[time-nuts] Q/noise of Earth as an oscillator

Attila Kinali attila at kinali.ch
Fri Jul 29 12:28:56 EDT 2016

On Fri, 29 Jul 2016 03:29:27 -0500
David <davidwhess at gmail.com> wrote:

> Capacitors and inductors have an associated Q while lacking a resonate
> frequency except for parasitic elements.  Their Q increases with
> frequency up to a point; does that apply to a spinning body?  I guess
> it depends on the loss mechanism.

The Q of an inductor (or capacitor) is defined at a specific frequency.
You can see it as the Q factor that would be achieved, if the inductor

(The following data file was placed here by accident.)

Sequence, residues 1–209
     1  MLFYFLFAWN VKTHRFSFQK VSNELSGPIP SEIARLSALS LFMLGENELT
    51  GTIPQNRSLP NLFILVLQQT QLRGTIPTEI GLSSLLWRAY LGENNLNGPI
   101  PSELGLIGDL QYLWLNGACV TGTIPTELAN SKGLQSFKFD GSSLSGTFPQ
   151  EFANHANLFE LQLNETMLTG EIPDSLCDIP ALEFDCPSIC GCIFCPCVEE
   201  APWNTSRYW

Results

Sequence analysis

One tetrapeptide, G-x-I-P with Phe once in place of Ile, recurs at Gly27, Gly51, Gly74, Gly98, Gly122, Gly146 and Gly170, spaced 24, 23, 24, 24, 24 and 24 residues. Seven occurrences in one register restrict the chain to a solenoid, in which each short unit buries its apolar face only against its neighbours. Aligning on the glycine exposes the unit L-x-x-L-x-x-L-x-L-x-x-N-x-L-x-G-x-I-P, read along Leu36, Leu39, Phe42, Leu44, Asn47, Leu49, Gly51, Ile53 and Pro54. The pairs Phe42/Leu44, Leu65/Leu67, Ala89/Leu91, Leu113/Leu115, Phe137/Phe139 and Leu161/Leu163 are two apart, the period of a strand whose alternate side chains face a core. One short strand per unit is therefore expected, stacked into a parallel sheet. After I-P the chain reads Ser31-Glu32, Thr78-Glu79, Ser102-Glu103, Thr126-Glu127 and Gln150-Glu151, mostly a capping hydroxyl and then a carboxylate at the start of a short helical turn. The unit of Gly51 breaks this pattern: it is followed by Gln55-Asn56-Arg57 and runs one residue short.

(capacitor) would be paired up with an ideal capacitor (inductor) with
a value such, that it would result in the specified frequency.

Hence, if you increase the frequency, the Q factor increases for an inductor. Conversly, the Q factor of an capacitor decreases with increasing  frequency.

See also:

			Attila Kinali

It is upon moral qualities that a society is ultimately founded. All 
the prosperity and technological sophistication in the world is of no 
use without that foundation.
                 -- Miss Matheson, The Diamond Age, Neil Stephenson

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